The cost of overconfidence

We want our leaders to be confident. If they aren't, who will listen to them? At the same time, an overconfident leader — one who is ignorant of one's own limitations — can be detrimental to an organization.

According to the Harvard Business Review, recent research suggests overconfident people hold certain implicit beliefs about the ability for character and ability to change. Some people see personality and intelligence as relatively "fixed," while others believe they are malleable and capable of changing over time with effort and experience.

These perceptions have a significant influence on how we see ourselves and others, according to the report. People with a fixed mindset are more prone to overconfidence, as they tend to be much more interested in proving or showing others they are smart, rather than seeking opportunities to learn and get smarter.

In one study cited by the Harvard Business Review, students were asked to predict how well they performed on a set of problems that varied in difficulty. Students who were deemed to have a fixed mindset demonstrated overconfidence, giving estimates of more than 25 percent higher than their actual scores. "Growth mindset" students, or those who believe their intelligence and personalities can develop over time, overestimated their performance by 5 percent.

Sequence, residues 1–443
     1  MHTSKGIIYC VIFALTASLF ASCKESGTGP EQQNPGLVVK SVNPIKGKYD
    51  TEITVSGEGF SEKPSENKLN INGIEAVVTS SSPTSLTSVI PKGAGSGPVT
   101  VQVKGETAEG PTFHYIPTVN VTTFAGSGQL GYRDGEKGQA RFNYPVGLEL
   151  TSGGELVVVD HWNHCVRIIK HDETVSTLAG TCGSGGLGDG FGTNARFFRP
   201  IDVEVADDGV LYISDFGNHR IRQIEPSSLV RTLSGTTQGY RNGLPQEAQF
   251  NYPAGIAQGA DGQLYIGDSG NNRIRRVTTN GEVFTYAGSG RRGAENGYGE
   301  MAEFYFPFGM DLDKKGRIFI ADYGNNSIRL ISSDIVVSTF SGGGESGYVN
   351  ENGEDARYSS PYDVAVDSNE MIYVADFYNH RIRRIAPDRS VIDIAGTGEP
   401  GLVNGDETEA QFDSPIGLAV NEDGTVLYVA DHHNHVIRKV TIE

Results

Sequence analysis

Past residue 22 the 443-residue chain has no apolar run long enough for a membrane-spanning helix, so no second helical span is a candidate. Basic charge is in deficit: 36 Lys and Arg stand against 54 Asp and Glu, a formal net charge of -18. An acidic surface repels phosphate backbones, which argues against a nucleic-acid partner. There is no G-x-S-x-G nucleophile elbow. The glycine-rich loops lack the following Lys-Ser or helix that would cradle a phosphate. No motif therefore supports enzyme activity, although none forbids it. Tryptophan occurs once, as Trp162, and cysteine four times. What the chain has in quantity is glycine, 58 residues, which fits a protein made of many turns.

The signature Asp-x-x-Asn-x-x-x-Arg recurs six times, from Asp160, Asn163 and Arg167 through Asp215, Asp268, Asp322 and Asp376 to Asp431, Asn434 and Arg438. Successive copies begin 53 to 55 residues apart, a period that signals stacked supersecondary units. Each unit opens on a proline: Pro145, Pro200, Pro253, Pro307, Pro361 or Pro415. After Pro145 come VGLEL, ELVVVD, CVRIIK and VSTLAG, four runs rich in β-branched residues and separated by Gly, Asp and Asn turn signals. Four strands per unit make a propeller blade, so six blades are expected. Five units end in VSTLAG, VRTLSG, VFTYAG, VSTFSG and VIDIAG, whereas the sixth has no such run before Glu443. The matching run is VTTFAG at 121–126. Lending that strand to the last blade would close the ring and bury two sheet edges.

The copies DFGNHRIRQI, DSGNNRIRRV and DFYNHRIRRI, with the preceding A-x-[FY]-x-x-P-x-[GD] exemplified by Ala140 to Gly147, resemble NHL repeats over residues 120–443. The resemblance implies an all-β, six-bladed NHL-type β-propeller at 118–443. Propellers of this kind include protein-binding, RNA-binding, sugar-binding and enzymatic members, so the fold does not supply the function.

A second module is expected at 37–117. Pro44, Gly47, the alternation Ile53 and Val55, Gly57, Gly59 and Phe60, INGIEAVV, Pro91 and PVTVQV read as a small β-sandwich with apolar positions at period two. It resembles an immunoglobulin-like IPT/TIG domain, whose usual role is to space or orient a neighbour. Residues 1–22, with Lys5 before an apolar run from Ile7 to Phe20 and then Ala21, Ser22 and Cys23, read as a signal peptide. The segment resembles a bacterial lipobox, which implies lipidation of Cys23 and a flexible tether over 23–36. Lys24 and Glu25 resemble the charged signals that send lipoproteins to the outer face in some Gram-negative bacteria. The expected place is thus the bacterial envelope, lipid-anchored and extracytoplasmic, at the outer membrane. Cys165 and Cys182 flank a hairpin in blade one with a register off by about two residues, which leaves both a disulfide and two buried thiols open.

Upon taking a closer look at how the students approached the test, researchers found the fixed mindset students spent more time working on the easier problems and less time on the more difficult ones. Ultimately, they selectively focused on problems that reinforced their overconfidence, reaffirming their inflated opinions of themselves and ignoring the rest as much as possible, according to the report.

This study is consistent with other research, which has found that people with fixed mindsets are more likely to avoid difficulty, withdraw effort when confronted with setbacks and react defensively when challenged. They are also more likely to judge quickly and think stereotypically, are more revengeful after conflict and more punishing toward those who act wrongly, according to the report.

Moreover, evidence from various longitudinal studies suggests fixed mindset people are wrong — our personalities and abilities can change over time with experience and effort.

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